Today, we live in a world of uncertainty. More and more each day, we are inundated with negative news cycles covering new civil conflicts, increased migrant and refugee crises, violence and terrorist attacks, epidemics and outbreaks, and natural disasters. Simultaneously, our world is undergoing a rapid transformation with respect to technology, healthcare delivery, and transportation systems. This phenomenon is certainly not unique to the United States, but rather is an experience shared worldwide.
Over the course of my 50 plus years as a nurse, I have faced numerous instances of uncertainty, whether during my early days as an army nurse or today as nurse executive. Through these experiences, I have learned one thing: the importance of adaptation. In face of uncertainty, nurses have continuously faced it head-on. By learning from our experiences as well as our mistakes, nurses can adapt and evolve to fit the needs of the future.
This adaptation first started with the one and only Florence Nightingale, who rose to prominence following the fearlessness she expressed as a nurse manager and trainer during the Crimean War. In face of difficulty, she forever transformed the perception of the nursing profession, both internally and externally. Fast forward to today, and we see similar innovation in nurses across the globe. Difficulties such as climate change, mass migration, rising epidemics, as well as advancements to information and technology resources, will disrupt nursing and healthcare systems worldwide.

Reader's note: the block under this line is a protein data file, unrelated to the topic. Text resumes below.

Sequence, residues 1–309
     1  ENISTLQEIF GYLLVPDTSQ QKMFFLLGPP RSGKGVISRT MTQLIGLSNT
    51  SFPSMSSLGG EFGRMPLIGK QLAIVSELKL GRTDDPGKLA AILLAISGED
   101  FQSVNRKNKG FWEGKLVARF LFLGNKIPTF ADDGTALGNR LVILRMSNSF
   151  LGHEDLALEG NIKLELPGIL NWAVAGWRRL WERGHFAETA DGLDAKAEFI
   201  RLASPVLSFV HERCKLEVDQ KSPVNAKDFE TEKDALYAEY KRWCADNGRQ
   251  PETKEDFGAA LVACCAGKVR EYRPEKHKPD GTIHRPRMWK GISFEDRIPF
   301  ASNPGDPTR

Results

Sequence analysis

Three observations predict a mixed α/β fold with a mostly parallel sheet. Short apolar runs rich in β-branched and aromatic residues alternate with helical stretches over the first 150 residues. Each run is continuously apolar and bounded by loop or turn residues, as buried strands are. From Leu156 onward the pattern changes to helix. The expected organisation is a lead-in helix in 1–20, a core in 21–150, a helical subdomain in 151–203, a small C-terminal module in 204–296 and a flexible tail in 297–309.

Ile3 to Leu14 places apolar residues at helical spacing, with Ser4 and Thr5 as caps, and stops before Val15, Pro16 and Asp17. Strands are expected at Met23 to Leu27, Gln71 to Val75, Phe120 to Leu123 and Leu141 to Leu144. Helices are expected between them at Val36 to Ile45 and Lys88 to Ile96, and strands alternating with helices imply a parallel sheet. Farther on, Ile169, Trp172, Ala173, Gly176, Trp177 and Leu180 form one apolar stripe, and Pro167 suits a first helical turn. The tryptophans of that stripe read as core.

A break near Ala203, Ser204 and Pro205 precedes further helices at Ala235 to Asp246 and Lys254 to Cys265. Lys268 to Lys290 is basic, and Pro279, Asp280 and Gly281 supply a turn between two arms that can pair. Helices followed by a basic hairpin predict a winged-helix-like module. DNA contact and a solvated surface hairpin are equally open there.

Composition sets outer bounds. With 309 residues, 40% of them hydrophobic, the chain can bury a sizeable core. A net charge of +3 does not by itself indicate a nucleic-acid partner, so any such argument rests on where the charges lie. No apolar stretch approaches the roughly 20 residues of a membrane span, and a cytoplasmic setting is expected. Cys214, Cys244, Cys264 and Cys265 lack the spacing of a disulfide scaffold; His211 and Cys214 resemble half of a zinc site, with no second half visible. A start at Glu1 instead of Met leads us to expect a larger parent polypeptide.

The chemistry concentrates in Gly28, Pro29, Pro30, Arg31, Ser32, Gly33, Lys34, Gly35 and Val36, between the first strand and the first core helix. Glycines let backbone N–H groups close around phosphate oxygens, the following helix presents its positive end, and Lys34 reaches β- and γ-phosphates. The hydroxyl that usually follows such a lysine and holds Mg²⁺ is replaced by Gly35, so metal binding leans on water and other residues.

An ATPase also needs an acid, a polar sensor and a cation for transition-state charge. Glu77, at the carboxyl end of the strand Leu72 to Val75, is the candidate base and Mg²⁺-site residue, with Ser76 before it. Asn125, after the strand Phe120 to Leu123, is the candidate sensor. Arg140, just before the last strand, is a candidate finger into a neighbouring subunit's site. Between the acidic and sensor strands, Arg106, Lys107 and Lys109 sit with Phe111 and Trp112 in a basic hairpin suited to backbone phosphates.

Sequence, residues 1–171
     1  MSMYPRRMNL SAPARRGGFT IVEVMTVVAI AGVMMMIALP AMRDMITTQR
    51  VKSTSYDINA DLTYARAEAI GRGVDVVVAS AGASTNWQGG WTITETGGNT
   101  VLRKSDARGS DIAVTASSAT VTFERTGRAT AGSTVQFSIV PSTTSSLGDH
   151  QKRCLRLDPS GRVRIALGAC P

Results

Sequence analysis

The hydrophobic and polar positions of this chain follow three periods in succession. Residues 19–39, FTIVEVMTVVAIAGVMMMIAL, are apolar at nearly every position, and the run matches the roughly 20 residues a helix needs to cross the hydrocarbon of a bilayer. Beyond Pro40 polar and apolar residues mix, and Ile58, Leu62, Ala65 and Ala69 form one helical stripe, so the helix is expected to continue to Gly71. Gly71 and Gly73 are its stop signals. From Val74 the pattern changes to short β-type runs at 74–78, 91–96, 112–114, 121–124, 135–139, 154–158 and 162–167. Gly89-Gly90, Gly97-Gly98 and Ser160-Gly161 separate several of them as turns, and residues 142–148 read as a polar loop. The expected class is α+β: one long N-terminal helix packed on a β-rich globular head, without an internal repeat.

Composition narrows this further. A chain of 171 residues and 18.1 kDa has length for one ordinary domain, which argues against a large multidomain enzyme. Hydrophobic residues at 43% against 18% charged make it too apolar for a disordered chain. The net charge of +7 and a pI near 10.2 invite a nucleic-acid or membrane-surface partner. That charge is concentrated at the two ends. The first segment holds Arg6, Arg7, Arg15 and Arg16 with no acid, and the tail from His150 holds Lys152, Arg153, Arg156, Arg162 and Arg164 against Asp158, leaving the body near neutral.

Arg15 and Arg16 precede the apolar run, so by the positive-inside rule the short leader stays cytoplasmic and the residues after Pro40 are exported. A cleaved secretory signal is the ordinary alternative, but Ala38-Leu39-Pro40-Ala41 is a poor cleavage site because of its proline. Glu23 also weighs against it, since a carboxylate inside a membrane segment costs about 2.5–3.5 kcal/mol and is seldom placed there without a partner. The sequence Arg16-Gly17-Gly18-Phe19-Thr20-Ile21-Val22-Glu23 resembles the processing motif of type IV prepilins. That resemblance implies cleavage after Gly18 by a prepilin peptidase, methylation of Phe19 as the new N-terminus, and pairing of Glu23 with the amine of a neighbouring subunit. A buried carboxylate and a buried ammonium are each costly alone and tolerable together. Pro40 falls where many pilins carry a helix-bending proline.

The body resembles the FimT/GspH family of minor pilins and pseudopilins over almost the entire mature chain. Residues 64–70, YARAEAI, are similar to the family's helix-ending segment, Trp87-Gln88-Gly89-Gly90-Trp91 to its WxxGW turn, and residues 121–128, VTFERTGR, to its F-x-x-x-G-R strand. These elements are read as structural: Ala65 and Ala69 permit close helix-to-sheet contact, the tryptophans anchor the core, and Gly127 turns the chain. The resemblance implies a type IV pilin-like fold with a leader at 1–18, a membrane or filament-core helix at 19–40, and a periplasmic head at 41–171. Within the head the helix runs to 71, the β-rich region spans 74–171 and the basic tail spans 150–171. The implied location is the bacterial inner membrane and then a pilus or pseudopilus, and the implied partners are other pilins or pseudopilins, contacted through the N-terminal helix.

In face of uncertainty, I would provide the following three recommendations to nurses: (1) become more entrepreneurial, (2) embrace technological advancement, and (3) globalize your mindset and practices. We know that the power of nursing extends beyond bedside. Nurses are needed as educators, researchers, scientists, and policy makers. Becoming a nurse entrepreneur requires hard work, creativity, passion, and a degree of risk-taking and adaptability. Regarding technology, I have one thing to say: it is an unstoppable and unavoidable force. Technological advancements will undoubtedly impact our future educational, professional, and personal lives. Rather than push back, we as a profession should embrace technology and become leaders in its implementation into nursing and healthcare. Finally, our world is becoming more global each day. Globalization and migration are a fact of life, and communication and transportation technology are working to expedite these processes. We see this in nursing workforces worldwide. As regions face health workforce shortages, governments and health systems will begin relying more on health workforce migration to replenish starving workforces. We as nurses should not fear this change, but rather see the immense benefits that globalization has on our everyday lives.
The purpose of this issue is to highlight how nurses around the globe are adapting to uncertain times. The authors of the articles recognize the future realities of climate change, aging populations, and increased globalization, and present applicable examples of how nurses are working on the front lines to address these challenges for the future.
The article, “Nursing Practice and the UN Sustainable Development Goals,” by Rosa, Upvall, Beck, and Dossey is the perfect start for this topic. The authors rightfully acknowledge the fragility of global populations, societies, and the planet at large, and identify global nurses’ capability to contribute towards the mitigation of these challenges. Specifically, they address this topic within the context of the UN 2030 Agenda for Sustainable Development and its 17 Sustainable Development Goals. They move beyond rhetoric and offer key points of action that global nurses can take to fight poverty and inequality, improve global health, and preserve the well-being of both mankind and mother earth.